Another cheap-Tuesday found me at The Ritz at 6:45pm, Cinema 1 upstairs, for the latest from Oliver Stone. There's something to be said for seeing his flicks on the big screen and I enjoyed it for the most part, though it be his most morally vacant effort to date.
Many reviews had led me to believe that the actors were a bit shit, but I must demur; I came to see Travolta play a somewhat Pulp Fiction DEA operator, and Del Toro meander as a playboy rent-a-thug. Salma Hayek keeps her kit on, perhaps because Stone can't flick the switch to Rodriguez. She does manage a line in some kind of viciousness, but this is not really sustained when the Californians predictably switch the tables on her. As such she is a mostly reactionary queenpin, which seems unlikely given her success. As for the ménage à trois, well, they managed to rise above mildly crap more often than not.
Being a Stone flick we got some intense graphic violence, such an immolation that harks back to Vietnam, 1963. Stone flirts with eye-for-an-eye morality in that scene, and links it to the final events by having third-wheel O imply that she wants something more final than a disappearance into Nowherevillage, Indonesia; the dissatisfaction and wistfulness running through her narration makes it all seem like so much fairy floss. It's hard to square with her desires in the final movement, and I'm sure the boys would have sorted out Del Toro on her say-so. (Perhaps that'll be Savages II.)
Stone makes Laguna look like paradise for beach bunnies and predators. There are some great small touches — "Cheech and Chong" slips from Del Toro at some point, and Chon responds with "Allah willing" when his military buddies radio in the preparedness of themselves and their IUDs. It is sometimes unclear where people are, but I got the impression the whole thing takes place in the U.S., with the Indian reservations being the places where the Mexican cartel boys do their work. (Salma Hayek moves north to join the action.) The plot gets quite loose in places, and I didn't follow the characters' reasoning too closely.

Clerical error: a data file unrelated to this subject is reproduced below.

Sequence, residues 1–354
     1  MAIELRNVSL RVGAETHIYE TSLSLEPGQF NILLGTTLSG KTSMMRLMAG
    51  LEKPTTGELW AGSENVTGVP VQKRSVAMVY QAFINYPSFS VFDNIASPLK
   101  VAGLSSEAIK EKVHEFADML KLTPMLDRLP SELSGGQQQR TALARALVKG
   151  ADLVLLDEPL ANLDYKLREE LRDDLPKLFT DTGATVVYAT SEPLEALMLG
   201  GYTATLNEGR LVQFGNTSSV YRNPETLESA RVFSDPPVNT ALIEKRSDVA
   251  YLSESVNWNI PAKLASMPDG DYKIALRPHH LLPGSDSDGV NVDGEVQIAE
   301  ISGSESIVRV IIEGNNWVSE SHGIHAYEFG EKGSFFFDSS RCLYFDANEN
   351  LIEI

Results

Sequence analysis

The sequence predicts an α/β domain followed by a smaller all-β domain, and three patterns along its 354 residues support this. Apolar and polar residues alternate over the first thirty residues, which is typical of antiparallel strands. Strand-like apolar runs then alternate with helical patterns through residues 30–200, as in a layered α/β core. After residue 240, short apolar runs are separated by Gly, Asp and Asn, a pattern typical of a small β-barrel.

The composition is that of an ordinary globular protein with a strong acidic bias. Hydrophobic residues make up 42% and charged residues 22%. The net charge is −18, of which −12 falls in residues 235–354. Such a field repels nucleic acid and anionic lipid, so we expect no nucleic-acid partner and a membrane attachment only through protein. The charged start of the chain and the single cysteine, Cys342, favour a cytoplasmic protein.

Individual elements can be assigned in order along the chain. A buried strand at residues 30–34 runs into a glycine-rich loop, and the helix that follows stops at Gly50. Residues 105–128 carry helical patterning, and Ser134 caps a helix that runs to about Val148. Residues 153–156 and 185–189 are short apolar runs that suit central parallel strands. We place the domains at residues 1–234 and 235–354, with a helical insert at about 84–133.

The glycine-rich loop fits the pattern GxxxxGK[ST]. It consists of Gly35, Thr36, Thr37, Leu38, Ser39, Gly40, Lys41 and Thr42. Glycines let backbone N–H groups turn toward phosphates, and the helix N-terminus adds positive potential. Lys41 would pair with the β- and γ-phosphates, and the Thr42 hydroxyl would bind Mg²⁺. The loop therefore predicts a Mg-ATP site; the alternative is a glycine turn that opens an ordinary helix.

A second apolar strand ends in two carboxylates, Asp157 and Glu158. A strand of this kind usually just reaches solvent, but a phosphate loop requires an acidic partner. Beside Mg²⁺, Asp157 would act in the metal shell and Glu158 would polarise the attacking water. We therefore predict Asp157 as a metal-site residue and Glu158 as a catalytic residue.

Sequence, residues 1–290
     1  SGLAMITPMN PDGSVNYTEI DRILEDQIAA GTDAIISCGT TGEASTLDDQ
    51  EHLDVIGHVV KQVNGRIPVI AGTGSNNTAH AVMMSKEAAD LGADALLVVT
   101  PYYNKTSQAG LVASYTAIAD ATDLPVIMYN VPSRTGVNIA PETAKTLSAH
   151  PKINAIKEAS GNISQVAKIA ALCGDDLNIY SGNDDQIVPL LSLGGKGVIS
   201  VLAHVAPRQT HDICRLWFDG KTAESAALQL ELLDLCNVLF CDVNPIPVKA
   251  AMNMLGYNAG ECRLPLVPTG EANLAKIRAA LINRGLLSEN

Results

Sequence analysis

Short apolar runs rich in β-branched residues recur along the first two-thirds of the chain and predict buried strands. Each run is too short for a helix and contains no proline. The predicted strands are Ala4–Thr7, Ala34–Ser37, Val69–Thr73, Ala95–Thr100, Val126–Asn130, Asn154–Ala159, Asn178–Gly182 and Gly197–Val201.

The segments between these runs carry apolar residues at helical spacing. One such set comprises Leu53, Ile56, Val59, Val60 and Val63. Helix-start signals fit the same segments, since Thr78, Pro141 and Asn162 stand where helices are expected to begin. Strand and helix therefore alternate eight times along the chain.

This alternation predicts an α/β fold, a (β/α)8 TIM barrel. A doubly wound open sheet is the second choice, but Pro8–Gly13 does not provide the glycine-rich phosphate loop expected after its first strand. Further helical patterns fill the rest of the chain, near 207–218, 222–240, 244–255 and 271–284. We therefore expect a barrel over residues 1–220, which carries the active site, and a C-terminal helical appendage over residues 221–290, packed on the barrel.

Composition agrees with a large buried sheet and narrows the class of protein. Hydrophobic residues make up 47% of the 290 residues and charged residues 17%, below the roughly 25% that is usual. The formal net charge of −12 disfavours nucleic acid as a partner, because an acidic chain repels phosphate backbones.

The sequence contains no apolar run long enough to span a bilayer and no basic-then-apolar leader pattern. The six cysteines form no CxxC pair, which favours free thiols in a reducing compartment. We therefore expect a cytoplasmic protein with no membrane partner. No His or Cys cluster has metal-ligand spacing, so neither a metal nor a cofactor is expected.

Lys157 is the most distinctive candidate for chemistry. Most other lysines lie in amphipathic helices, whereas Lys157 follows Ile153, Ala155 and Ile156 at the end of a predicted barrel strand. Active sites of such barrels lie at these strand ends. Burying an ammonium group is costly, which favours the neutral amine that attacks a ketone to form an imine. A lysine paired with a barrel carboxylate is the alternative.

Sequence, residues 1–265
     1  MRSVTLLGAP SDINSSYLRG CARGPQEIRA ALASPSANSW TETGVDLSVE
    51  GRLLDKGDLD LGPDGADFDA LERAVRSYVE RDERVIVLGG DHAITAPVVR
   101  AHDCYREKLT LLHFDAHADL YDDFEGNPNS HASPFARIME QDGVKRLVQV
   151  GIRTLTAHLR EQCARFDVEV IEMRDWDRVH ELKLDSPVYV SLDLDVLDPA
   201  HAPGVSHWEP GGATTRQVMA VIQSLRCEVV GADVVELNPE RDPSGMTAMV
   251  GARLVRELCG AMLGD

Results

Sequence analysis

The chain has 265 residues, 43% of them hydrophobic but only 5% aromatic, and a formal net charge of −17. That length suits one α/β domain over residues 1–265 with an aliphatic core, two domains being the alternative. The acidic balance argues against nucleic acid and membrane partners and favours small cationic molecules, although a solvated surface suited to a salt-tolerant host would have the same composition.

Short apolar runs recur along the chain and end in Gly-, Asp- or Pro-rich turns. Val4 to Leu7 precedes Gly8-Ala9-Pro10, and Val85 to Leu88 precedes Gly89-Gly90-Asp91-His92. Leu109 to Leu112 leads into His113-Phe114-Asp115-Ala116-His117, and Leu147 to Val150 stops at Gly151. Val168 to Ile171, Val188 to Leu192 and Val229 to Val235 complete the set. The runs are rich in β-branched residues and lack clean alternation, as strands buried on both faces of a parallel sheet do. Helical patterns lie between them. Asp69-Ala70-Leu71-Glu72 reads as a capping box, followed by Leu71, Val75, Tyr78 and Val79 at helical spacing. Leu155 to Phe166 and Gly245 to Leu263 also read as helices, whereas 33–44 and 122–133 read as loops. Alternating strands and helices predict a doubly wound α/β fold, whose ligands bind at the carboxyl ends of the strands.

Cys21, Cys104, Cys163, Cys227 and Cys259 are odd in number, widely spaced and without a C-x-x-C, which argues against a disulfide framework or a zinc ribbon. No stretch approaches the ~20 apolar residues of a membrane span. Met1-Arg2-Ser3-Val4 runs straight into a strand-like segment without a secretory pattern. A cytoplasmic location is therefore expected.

I wonder if Stone has run out of some of the multitudes of film stocks he typically uses, and also of soundtrack material (was that Cat Power covering something over the closing credits?). I guess we could try to read this as a boomer's paean to a despoiled Mexico, a place that once salved the damaged (cf Born on the Fourth of July)... or perhaps an attempt to show how exotically unerotic 21st century cinematic sex has been. In brief, Stone tries to be Tarantino by telling a good story to no particular end.
Stephanie Zacharek reviewed it for Movieline. I didn't see anything from Dana Stevens; perhaps she is a Stone anti-fan.
Some good photography, but not as crisp as I expected. The narration by Morgan Freeman is gratingly anthropomorphic.
Continuing with the Oliver Stones, and a James Woods segue from Videodrome. Here Stone recounts the beginning of the civil war in El Salvador circa 1980 through the prism of the American photojournalist Richard Boyle, who has some kinds of bromances with Doctor Rock (James Belushi) and John Cassady (John Savage). I'd say that where he toes the line in e.g. Platoon, here he goes right to the limit; some scenes are genuinely shocking.
Expecting a thunderstorm later on I went for a snorkel at Little Bay around midday. The water was a bit cool and fairly cloudly, probably due to the moderate swell. Good to be in (in a spring suit) but didn't see much.
Oliver Stone's sprawling summary of the state of JFK assassination conspiracy theories circa 1992. I saw this in several chunks over many days. Kevin Costner plays a crusading Southern DA who tries to dig into what looks like an immense cover-up. Joe Pesci maintains his average by spraying invective throughout his brief time on screen. (The toupee offends me.)
Given what Stone shows here it is difficult not to conclude that people high up in the U.S. Federal Government were complicit in the failure to effectively investigate. Stone manages to have things all ways by lampooning some of the loonier conspiracy theories / investigation assertions while slow cooking his favoured narrative in his characteristic chopped-up documentary style. He clearly deifies the Kennedy brothers, which makes me wonder if he really believes that JFK was going to get them out of (not get them into) the Vietnam war. The bureaucratic push-back arising from JFK's post-Bay of Pigs neutering of the C.I.A. is well-canvassed.
After-work snorkel circa 6pm at Gordons Bay. The water was still a bit cloudy from last week's rain. I got in in the spring suit, though I could perhaps have got by with a singlet. Didn't see much apart from a small-ish wobbegong near my usual swimming get-in spot. (It had the signature large head, tapered body and flat fins, and was resting on the sand.) The drive up from NICTA was a bit hellish; I would have been better off walking home and going from there.